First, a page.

Oliver Hardy was an American actor, known as Ollie in the famous comedy twin Stan and Ollie. Norwin Hardy, as he was his real name, began his life as a handsome babble in a large family in Georgia and was the youngest of six children. His father was a lawyer and died when Oliver was 10 years old. “I think I never decided my life in my final profession, I wanted to follow the law but soon I left my studies.” He had a natural vocation on the song (the whole family loved the music), and he even studied tenor at the Atlanta Music Academy. He first appeared in the cinema in 1914 (in the movie Outwitting Dad), and in the following years he performed secondary roles. He weighed 127 pounds and had a height of 1.88 m. His love of food helped him to keep his volume, although a young man was engaged in sports, he was playing football, and he loved (as much) golf. He was an agile and very good dancer.
Before becoming acquainted with Stan Lorel, Oliver Hardy had played more than 250 films. Together with Stan Lorel, however, they were the most famous comic twin in the history of cinema. The duo was created by producer Hol Roads, a spiritual father – along with director Lio McCreate – of Hondros and Lignus. They first met on screen at The Lucky Dog (1921) and played together in other films, like Duck Soup (1927), but as a real duet they appeared in Putting Pants on Philip, 1927, where the A young Scotsman who comes to America to Olli’s uncle is acting. In 1927 Hound and the Lion cast 13 films and in 1928 11 and until 1932 appeared in short and mostly silent. Among them are: The Battle of the Century, Musicals for Crying, A Perfect Day (1929), The Hunger and The Lost In The Box (1932), which won an Oscar for a short film of that year, a. After 1932, they began to produce feature-length pieces, among which some of the most enjoyable: The Hound and the Lion go to war, The Desert Children, Two Merry Scots, The Hunger and The Lion Cowboys, The Two Fools, Bardas Fournellos, Oxford logs, etc.
More than 100 films turned out as a couple. Lorel and Hardy had a professional ambition alone: they wanted to make people laugh. They did not shame illusions for themselves. Their methods and technique had many elements from the clowns, their humor was a succession of gag, their jokes made the children hilarious because they recognized in the faces of the two comedians their own clumsiness and innocence. Between Stan (Laurel) and Ollie (Hardy) the first was the nicest. He announced to Olli by phone that he was biting a dog and when he asked him where, then, Stan put the headset right over the wound as if his interlocutor was able to see through the line. In another version, Olly was smoother because he considered himself smart. And as he himself said: “There is no more trouble than the bastard he thinks he is smart.” For Olli, they wrote that he was pleased with the continuation of the lime. Few comedians fell so often and so well within the lime. Like no one else could move so much in size or play with his tie to be a point of reference.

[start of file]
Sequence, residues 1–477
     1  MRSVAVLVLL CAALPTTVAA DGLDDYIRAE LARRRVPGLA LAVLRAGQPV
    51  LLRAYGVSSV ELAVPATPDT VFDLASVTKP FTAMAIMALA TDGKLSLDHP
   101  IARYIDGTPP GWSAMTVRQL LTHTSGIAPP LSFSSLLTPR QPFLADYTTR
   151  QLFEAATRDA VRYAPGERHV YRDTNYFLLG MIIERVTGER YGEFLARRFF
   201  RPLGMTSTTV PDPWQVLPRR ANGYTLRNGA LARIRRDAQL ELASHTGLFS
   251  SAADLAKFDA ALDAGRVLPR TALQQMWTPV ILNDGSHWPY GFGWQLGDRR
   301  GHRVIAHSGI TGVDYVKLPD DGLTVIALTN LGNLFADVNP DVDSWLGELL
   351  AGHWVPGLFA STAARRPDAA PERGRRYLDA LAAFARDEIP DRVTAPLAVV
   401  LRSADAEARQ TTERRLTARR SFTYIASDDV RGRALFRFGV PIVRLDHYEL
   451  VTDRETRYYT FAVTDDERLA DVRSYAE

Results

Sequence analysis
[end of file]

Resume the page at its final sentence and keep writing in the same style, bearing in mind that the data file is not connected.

Their comedies were simple in action, enjoyed by the constant twists and turns of alternating gangs. Minority heroes wanted to become socially respected and loving. They wore decent suits, hard hats, and they were addressing each other with a mystery. They gained an employment as pioneers or Christmas tree dealers, and if they were at the end of the sea, it did not harm them.
Gentlemen and wreckers, despite their serious style, they were immersed deep in potholes, dug well-formed backless unsuspecting ladies, trying desperately to get rid of a goat and managed to raise piano on a horse.
Stan and Ollie, the most famous twin in the history of cinema, virtually ceased to exist before the clinical death of the couple. Their last film was turned to France in 1950 (The Young Robinsons). Kings of laughter were already weak and tired. But from the time they met, by the end of the 1920s, to the year when Oliver Hardy died, they were closely connected not only because their duo was selling them but because they were good friends: “Ollie was like my brother, we felt each other, although we did not often venture out of the deck.Our life outside the studio was devoted to sports and mostly to the golf that he loved it. It was my life, I loved watching the film at all stages of production. I can assure you that we have never quarreled. ”
Oliver Hardy died in 1957, after a long-term illness, at the age of 65.
Two asteroids, 2865 and 2866, were named “Laurel” and “Hardy” in memory of Stan Lorel and Oliver Hardy.